On February 4, 1999, 23-year-old Amadou Diallo was shot and killed while standing in the entrance of his Bronx apartment building. Four officers with the Street Crime Unit, an older plainclothes unit, fired 41 shots at Diallo when they thought he was pulling out a gun. Diallo was unarmed and is believed to have been pulling his wallet out of his pocket. The officers were tried for second-degree murder but were acquitted. Diallo’s family sued the city and later reached a $3 million settlement.
The Street Crime Unit was disbanded in 2002 under Police Commissioner Ray Kelly, and the unit’s remaining officers were reassigned throughout the department, including to other plainclothes anti-crime units. Anti-crime units operated similarly with plainclothes officers targeting illegal firearms and making arrests. Much like the Street Crime Unit, anti-crime units were often the subject of civilian complaints and were increasingly involved in controversial shootings and deaths.
In 2014, Eric Garner died during an attempted arrest on Staten Island after Daniel Pantaleo, a plainclothes officer in an anti-crime unit, placed him in a prohibited chokehold. In a widely seen video of the encounter, Garner can be heard saying “I can’t breathe” multiple times as officers hold him down on the pavement. Pantaleo was fired from the force in 2019, five years after Garner’s death. Plainclothes anti-crime officers were also involved in the 2018 death of Saheed Vassell, whom police shot in Crown Heights after reports were made of a man wielding a gun. It was later found that Vassell, who was known to have struggled with mental-health issues, was holding a pipe that resembled a gun.
Then-Commissioner Dermot Shea officially disbanded the anti-crime units in summer 2020 following weeks of protests after George Floyd’s murder, reassigning the approximately 600 officers to other positions. As Adams advocates for the unit’s return to crack down on guns, some are not convinced enough will have changed between the previous iteration of the unit and what Adams has planned.
“I’ve been around policing work for enough time to know, oftentimes, it’s just changing names,” said Josmar Trujillo, a community organizer with the Policing and Social Justice Project at Brooklyn College. “In my point of view, it’s moving deck chairs on the deck of the Titanic. They move people around.”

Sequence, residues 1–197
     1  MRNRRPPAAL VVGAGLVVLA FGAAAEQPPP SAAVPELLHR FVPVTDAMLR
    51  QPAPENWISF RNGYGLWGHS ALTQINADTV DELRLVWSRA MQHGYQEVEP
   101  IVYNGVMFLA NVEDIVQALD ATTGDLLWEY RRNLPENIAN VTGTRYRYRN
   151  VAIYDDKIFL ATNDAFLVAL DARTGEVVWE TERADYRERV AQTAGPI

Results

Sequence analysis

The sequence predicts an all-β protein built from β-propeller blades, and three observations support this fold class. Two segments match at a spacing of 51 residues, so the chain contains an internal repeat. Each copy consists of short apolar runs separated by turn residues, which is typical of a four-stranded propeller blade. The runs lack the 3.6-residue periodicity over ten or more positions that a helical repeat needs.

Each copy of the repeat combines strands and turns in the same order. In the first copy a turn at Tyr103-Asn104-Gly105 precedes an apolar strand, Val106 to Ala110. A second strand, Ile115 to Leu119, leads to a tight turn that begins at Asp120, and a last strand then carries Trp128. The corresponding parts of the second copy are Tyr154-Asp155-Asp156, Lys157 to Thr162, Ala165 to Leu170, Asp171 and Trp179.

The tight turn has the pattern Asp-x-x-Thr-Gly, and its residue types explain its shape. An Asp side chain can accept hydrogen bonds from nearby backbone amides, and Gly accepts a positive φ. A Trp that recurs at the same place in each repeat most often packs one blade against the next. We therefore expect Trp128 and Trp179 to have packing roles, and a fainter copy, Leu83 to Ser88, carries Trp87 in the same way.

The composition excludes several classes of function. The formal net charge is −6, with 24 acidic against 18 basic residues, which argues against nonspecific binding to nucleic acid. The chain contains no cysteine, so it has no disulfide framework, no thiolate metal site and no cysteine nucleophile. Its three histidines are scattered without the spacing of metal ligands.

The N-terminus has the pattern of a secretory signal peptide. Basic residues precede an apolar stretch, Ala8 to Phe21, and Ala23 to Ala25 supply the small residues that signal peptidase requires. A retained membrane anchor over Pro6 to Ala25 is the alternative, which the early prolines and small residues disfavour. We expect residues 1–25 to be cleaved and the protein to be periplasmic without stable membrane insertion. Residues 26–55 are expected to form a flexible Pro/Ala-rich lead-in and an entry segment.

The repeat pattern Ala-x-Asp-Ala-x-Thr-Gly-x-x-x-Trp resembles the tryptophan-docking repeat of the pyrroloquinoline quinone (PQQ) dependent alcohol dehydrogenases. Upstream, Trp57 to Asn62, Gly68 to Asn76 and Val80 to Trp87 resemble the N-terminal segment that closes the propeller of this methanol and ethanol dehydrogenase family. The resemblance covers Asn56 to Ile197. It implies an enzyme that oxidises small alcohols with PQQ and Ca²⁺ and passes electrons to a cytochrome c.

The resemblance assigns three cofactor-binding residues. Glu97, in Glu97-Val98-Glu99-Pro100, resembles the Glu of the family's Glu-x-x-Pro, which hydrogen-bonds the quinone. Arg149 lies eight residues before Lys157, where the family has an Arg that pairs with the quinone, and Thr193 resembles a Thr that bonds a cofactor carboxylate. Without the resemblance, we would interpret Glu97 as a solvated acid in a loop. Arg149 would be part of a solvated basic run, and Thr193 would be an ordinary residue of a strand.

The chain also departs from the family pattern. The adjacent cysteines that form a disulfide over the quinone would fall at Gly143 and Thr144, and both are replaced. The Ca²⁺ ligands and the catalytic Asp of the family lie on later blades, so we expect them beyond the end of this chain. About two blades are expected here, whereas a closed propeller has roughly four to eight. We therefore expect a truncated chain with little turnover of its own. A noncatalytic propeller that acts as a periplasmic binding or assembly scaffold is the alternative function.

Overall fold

There are some who see public safety as an issue that should be addressed in ways beyond changing or adapting policing tactics. Adams said his plans would also prevent violence by strengthening communities through providing more resources to violence interrupters, launching a summer jobs program for youth, expanding hospital-based violence-prevention programs, and redeploying mental-health resources.
“What we’ve seen is that those units don’t do anything to actually prevent crime,” said Joo-Hyun Kang, an organizer who worked recently as the executive director of Communities United for Police Reform Action. “They’re not an effective intervention in terms of guns or shootings in New York City. What’s effective is investing in violence interrupters, the Cure Violence system, the crisis-management system overall,” Kang said. “That’s been invested in a little bit over the past few years, but not in a way that’s significant citywide. And investing in that would do much more to actually address issues of gun violence than reanimating a unit that has been vilified for years because it’s been known to murder, brutalize, and harm New Yorkers in every neighborhood.”
As Antonio Williams’s family continues to mourn his loss, his father wants people to know there’s more to him than what was written in police and news reports.
“What I want people to know about my son, No. 1: He was human. Not the monster the NYPD tried to classify him as,” Shawn Williams said. “He was a loving individual. A great son, a great brother, great father. He did his best for his kids. He did best as he could.”